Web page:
Most of Grand Lake’s snowmobiling trails will be open one year after East Troublesome Fire
Last December, an enormous volunteer effort cleared 30 miles of snowmobiling trails around Grand Lake following the East Troublesome Fire.
The removal of more than 5,000 burned trees allowed Grand Lake — known as the snowmobiling capital of Colorado — to keep the town’s favorite winter recreation up and running. But there was a lot more work to do this summer.
“A vast portion of the burned area was Arapaho National Forest lands that are a critical part of the Grand County tourism and recreation economy,” acting Sulphur District Ranger Kevin McLaughlin said of the East Troublesome Fire. “Our focus has been on reopening as much of our road and trail system as we safely can.”
In the year since East Troublesome, every snowmobiling route of the Grand Lake Trails has been cleared and more. Reid Armstrong, public affairs specialist for the Arapaho Roosevelt National Forests, said the efforts have reopened 39 Forest Service trails and roads equal to 120 miles of routes.
“I have to really give a lot of credit to the Forest Service and their fire crews,” said Cameron Stone, head groomer for the Grand Lake Trailgroomers. “They did an immense amount of work.”
Armstrong said that the Rocky Mountain Youth Corp spent 32 weeks clearing and stabilizing trail tread along with fire crews and hundreds of volunteers coordinated through Grand Lake Trailgrooming and the Headwaters Trails Alliance.
“All told, including areas outside of the snowmobile area, more than 40,000 burnt, broken and fallen trees were cleared from trails in Grand County this summer,” Armstrong said. “In addition to that, trails were stabilized, water bars were added (and) trail drainages were cleared of debris to prevent the trails from washing out.”
Because the Sulphur Ranger District is made up of only a handful of staff, the Forest Service benefited from extensive volunteer efforts to recover lands across the burn scar. Armstrong pegged the total amount of hours given by 975 volunteers to clearing Forest Service lands since October 2020 at 22,171 hours.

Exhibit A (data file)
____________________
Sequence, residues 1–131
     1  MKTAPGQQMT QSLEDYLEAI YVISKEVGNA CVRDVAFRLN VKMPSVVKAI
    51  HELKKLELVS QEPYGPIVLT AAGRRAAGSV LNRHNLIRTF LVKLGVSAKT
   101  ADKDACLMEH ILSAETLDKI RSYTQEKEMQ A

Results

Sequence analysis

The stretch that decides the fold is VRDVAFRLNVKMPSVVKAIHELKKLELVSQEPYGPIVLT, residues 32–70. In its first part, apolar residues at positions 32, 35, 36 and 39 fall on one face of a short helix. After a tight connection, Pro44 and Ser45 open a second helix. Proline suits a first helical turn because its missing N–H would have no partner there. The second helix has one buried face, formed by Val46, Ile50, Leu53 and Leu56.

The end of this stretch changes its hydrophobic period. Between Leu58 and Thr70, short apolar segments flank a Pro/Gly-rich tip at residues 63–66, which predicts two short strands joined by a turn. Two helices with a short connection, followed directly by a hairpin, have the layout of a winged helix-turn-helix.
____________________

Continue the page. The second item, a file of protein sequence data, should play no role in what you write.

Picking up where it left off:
Stone explained that Grand Lake Trailgrooming focused their clearing efforts on the trails that don’t have motorized vehicle use in the summer, equal to about 14 miles of trails that go through swamp, wetlands and above treeline. He credited a number of community partners for donating equipment, funds and time.
He said many people expressed doubts that the trail system would be cleared just a year after the nearly 200,000-acre fire tour though so much of the Grand Lake snowmobiling trails.
“Personally, I knew it was possible, but a lot of people who saw it had doubts — with good reason,” Stone said. “That was a lot of work.”
About 20 miles of trails will be closed this winter for logging operations, but there will still be 66 miles of snowmobiling trail available this winter. With the landscape so drastically changed in the burn scar, snowmobilers are advised to be aware.
“The views are wide open up there, so it’s important to pay attention to the trail,” Stone said.
Even with so many hazards removed, Stone cautioned sledders to be extra cautious of falling trees especially in windy conditions. There may also be an increased avalanche risk because so many areas have lost their tree structure.
He gave his thanks to everyone who has donated to Grand Lake Trailgrooming and added that the nonprofit continues to accept donations for its winter operations. For more, including snowmobiling trail maps and trail status throughout the winter, go to http://www.GrandLakeTrailgroomers.com.
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